Take naps during the day if your bladder and midnight thoughts keep you up. On the topic of bladders, reduce your fluid intake before bedtime so you don’t need to go throughout the night. And if you can’t nap, rest, relax and put your feet up.
Choose an exercise that suits you – walking, pilates, yoga and swimming are good pregnancy options.
Though you might want to collapse on the couch and binge-watch your favourite shows, stroll around the block or roll out your exercise mat instead.
Keep on Hydrating
Drinking water is key to a healthy pregnancy, and being insufficiently hydrated causes various health issues. You might feel tired if you don’t drink enough H20.
Keep Taking Your Pregnancy Vitamins
Your pregnancy vitamins substitute all the essential nutrients your diet lacks and provide health benefits that support you and your baby. Continue to take them.
3. Improve Heartburn
Does heartburn have you clutching at your chest?
Soothe your heartburn in the following ways
- Change your diet (avoid chocolate, citrus, spicy and fatty meals).
- Eat smaller meals.
- Slow your eating pace.
- Sit upright after you eat.
- Propping yourself up when horizontal.
- Get a pregnancy pillow! We recommend this one.
4. Improving your Mood
Trimester one is a wild emotional roller coaster aggravated by hormonal changes and the stress and anxiety of pregnancy. Your emotions might be everywhere, swinging like a pendulum from ecstasy, intense fear, and unbridled rage to unexplained tears.
Keep your emotions in check by bonding with family, speaking to your partner, exercising, and meditating to ease your mind and keep you calm.
Some women keep a pregnancy planner to jot down their thoughts, emotions and concerns. How about this one?
5. Go For A Screening
Your doctor might advise that you take optional genetic screenings for chromosomal disorders and other abnormalities or defects.
An important one is the nuchal translucency (NT) test, a two-part, non-invasive exam that assesses a child’s risk for chromosomal abnormalities and certain congenital heart disorders. It includes a blood test that measures the levels of certain types of proteins and hormones and an ultrasound to measure the thickness of your unborn baby’s neck. An increased neck thickness indicates a high possibility of Down syndrome, trisomy 18, and other genetic disorders. Other assessments could also be suggested.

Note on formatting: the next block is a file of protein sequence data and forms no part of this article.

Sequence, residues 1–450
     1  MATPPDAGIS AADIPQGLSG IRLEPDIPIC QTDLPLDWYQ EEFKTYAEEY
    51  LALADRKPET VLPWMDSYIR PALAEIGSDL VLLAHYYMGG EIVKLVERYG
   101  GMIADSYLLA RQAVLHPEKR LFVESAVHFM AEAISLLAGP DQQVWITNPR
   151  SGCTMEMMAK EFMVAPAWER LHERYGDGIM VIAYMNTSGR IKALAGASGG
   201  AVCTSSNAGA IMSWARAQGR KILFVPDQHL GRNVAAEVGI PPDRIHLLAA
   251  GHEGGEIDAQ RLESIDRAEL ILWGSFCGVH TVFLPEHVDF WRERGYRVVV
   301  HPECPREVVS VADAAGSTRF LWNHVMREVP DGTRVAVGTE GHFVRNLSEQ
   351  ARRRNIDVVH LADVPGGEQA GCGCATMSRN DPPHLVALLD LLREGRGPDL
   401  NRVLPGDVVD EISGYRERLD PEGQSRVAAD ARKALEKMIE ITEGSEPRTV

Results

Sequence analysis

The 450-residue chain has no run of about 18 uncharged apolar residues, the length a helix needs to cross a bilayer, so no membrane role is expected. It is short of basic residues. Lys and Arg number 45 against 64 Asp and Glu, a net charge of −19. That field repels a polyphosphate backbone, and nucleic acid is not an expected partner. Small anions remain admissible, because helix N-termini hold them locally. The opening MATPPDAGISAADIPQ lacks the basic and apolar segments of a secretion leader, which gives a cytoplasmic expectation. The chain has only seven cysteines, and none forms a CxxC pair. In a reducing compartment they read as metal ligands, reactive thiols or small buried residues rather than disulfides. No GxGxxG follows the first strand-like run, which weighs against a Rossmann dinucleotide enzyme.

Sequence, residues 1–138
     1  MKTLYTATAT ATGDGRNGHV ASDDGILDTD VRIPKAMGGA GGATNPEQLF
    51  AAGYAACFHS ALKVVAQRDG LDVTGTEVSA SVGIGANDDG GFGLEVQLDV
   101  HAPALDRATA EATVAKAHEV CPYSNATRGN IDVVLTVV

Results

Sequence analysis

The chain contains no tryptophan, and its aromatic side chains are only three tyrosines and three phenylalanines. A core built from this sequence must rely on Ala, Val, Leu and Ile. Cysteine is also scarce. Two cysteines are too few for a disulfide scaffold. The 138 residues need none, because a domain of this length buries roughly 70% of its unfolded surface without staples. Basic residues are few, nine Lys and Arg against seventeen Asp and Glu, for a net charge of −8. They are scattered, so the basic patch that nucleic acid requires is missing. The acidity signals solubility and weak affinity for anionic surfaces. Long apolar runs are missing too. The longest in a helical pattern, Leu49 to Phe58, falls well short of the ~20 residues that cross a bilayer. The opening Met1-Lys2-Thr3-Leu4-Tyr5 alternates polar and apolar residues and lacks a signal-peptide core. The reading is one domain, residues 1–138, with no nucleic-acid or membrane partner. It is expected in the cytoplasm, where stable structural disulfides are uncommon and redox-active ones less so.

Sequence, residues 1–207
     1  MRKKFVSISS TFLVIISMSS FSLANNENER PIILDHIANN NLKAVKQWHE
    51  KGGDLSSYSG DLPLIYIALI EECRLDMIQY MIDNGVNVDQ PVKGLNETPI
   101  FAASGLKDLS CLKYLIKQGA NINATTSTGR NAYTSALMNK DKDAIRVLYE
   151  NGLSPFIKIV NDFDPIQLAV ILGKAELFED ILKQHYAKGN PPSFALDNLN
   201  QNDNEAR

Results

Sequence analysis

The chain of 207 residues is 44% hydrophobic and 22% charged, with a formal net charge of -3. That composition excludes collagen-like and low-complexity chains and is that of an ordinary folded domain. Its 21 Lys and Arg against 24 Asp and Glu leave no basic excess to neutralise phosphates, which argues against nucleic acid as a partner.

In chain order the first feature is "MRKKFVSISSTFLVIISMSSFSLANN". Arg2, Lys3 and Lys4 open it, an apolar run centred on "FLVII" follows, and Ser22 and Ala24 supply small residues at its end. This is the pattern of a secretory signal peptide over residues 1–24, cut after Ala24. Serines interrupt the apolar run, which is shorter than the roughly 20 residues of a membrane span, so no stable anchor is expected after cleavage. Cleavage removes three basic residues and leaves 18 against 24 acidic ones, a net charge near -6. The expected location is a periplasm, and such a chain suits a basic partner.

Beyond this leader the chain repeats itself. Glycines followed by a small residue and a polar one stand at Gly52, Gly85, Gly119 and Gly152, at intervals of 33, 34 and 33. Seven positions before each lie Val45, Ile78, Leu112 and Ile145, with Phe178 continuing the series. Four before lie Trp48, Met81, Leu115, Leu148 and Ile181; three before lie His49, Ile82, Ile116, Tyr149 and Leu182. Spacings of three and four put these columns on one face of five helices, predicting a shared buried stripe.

While they’re not diagnostic, these tests have a high accuracy rate for predicting Down syndrome and other chromosome disorders.
Do I Need an Ultrasound for Week Nine of Pregnancy?
By week nine, you’ve either had an ultrasound or are scheduled for one soon. As mentioned, most first scans occur between 8 to 13 or 14 weeks of pregnancy, depending on the advice given by your healthcare provider.
Before we go into what you can expect on the day, let’s demystify the mechanics of an ultrasound. What’s an ultrasound? Simply put, an ultrasound is a painless, diagnostic test integral to antenatal treatments. The test uses sound waves that travel through the uterus and bounce off your baby as vibrations. What you see on screen are these echoes or vibrations translated into electrical signals and projected as a black-and-white image on the screen.
An ultrasound records the embryo’s growth, ensuring it’s aligned with a healthy size based on the date of your last period. In addition, the sonographer measures from the crown to the rump to determine the embryo’s gestational age and predict a due date. This is only when you’ll learn how many little ones are on the way.
Normally, the first ultrasound is done transvaginally or through the vagina. It’s performed this way for a closer, more detailed view of your growing but tiny embryo. It’s also looking for cardiac activity, which can be challenging to detect at this early stage.
Besides the ultrasound, this appointment with your OBGYN includes health tests (blood and urine examinations) and questions about your medical and family history and personal details. Genetic screenings might be recommended if you’re over a certain age, have a family history of specific disorders or show other risk factors.
If you’ve had your first ultrasound, when’s the next? Around the 18-week mark.
Fun Facts and Myths for Pregnancy Week Nine
- Can the shape of your belly predict the sex of your baby? As the old wive’s tale goes, if your belly is low, you’ll have a boy, and if your belly is high, your baby’s a girl. This old legend is false. Some women have gravity-defying bellies because they have stronger abdominal muscles or are going through a first pregnancy, and their muscles haven’t stretched.
- This myth could be true – if you have terrible heartburn, your baby will be born with a head of hair. The same hormones that relax your stomach muscle cause fetal hair growth.
Week Nine of Pregnancy Checklist
- Sleep more, move more and hydrate!
- Treat your symptoms and focus on self-care.
- Look out for warning signs and pregnancy complications.
- It might be ultrasound week this week.
- Consider a genetic screening for a high-risk pregnancy.
- Don’t go anywhere – the week 10 article comes out soon!